Why we have to lose ourselves to find ourselves


2 min read
16 Nov
16Nov

In Africa, lion trackers have a phrase called the ‘Path of Not Here’ and it’s used when they take the wrong path, mistakenly believing they're on the trail of the lion, before realising they're wrong.    They always expect to go down the wrong trail at some point,  and they embrace the Path of Not Here because it teaches them where they don’t need to be.  


To get me to this point in my life, I have been down many Paths of Not Here.  When I was a small child, all I wanted to be was a nurse. But when at 18 I went for my first interview at one of the big teaching hospitals in London, I was told that because of the severe eczema on my hands, I couldn’t go into nursing.  I was devastated and I was lost.  The track that I’d been following ever since I was tiny, had turned out to be a dead end.   I took a year out nannying and then went to university to train to be a  primary school teacher.  After a year, I realised that teaching small children was not for me, and so I changed courses.  I ended up with a good degree but one that did not lend itself to any particular career path.  I was 21 and supposed to be a grown up.  But I still didn’t know what I wanted to do when I grew up.


So I went down a new path and started temping, hoping that by trying out many different types of work, I’d finally settle on one that felt right for me.  But then a friend suggested I join her in Japan teaching English. So I did.  I went for a year, and ended up staying for three.  I realised while I was there, that although I enjoyed teaching, what I really loved was the lesson planning and creation.  And so I applied for a Masters degree in English Language Teaching Textbook Design, the only one of its kind at the time.  The day I arrived back in the UK, and with only four weeks left until my course started, I received a letter from the university.  The course had been cancelled due to lack of numbers.  Once again, I had come to an abrupt halt.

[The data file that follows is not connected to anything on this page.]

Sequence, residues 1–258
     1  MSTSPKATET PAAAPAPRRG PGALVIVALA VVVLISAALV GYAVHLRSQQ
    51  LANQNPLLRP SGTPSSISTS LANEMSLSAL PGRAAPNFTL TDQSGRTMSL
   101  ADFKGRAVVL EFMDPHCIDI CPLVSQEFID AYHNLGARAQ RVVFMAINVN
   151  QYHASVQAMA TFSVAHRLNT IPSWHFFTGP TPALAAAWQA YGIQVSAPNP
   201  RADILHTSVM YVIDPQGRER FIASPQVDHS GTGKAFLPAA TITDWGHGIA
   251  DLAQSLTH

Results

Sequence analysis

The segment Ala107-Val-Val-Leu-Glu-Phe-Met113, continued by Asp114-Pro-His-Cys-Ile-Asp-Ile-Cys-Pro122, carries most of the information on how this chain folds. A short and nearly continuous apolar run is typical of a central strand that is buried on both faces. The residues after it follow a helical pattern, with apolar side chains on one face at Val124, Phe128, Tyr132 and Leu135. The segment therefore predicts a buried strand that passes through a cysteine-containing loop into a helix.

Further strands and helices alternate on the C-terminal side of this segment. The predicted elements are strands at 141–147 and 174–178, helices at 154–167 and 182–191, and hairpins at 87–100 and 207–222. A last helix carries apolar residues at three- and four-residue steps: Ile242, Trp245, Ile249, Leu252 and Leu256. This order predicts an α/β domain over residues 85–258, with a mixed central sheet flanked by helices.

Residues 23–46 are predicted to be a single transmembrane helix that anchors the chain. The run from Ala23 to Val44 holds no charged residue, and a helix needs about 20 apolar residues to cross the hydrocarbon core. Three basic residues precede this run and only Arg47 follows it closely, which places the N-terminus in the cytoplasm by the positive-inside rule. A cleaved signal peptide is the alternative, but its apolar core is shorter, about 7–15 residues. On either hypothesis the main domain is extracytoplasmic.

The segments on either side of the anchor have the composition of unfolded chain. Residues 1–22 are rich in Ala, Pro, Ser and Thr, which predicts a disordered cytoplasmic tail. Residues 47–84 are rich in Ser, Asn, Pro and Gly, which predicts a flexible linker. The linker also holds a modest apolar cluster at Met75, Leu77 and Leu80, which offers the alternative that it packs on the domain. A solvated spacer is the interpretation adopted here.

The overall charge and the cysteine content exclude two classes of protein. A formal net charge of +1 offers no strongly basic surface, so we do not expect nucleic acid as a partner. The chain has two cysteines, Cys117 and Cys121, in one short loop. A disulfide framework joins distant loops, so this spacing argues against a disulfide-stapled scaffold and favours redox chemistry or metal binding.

So I began temping again, and through that work, ended up getting a job as a Media Researcher.  It was fun.  I met my husband.  We married, but sadly, last year, after many years of marriage, we divorced and  I found myself at the end of my longest life path so far, desperately scouting around for clues as to which direction I should be going.



This time I decided to slow down and really look at my life.  Just as  a tracker on the trail uses his senses to tune into the natural world, I tuned into my inner landscape.  I began to read into and notice my feelings, my thoughts, my motivations, what lifted me, what dragged me down.  I paid attention to all the things that I had seen and done thousands of time all my life, and I learned to see them as if for the first time.  It was a new kind of awareness.  The themes that have run unnoticed throughout my whole life slowly rose to the surface of my consciousness.


The reason I’m telling you all this is that we will all have many paths in our lifetime; these may be relationships, careers, family, financial, our sense of spirituality, even the places we choose as home.  Some will be uneventful trails that peter out into nothing.  Others may look promising and we may follow them for years, even decades before we realise that another direction is calling.  Sometimes we will sense that the path is about to thin out and other times we will find ourselves abruptly at the end with no warning,  teetering at the edge of a sheer drop.   There's no need to regret these Paths of Not Here,  however hard they are.   It was never all for nothing.   Because their teaching is in showing us what we don’t want, what no longer serves us well.  They free us up to forge new ways.  They're a gift to us.  


Look back over your shoulder at your own Paths of Not Here.  What are the reccuring themes?  One idea is to draw a timeline of the major events in your life starting with your birth.  You might like to add in education marriage, major relationships, jobs and other life events that you feel were significant and see if you can see any patterns. Or alternatively you may want to focus on one particular area of your life.  If you’re looking for a new romantic relationship for example, draw a timeline of all your past relationships and write underneath each one how and why it ended, what did you like about that relationship and what didn’t work?  When you’re finished, look for the themes.  Be honest with yourself.  



When I looked back at my own life,  I could clearly see the themes of freedom, healing, guiding, learning and intense curiosity.  These themes are now bound up in my new life’s purpose; empowering others to live their life with purpose and meaning. Or in others words, Coaching.   Finally I know what I want to be when I grow up.   I have begun my journey on the Path of Here. 


If you’re interested in exploring your path or at a crossroads or dead end and wondering what to do next,  get in touch.  My details are above.   Alternatively, if you’ve found this article interesting, sign up for regular newsletters or leave a comment below.  Thank You


Further reading

The Lion Tracker's Guide to Life - Boyd Varty

07Aug
02Sep
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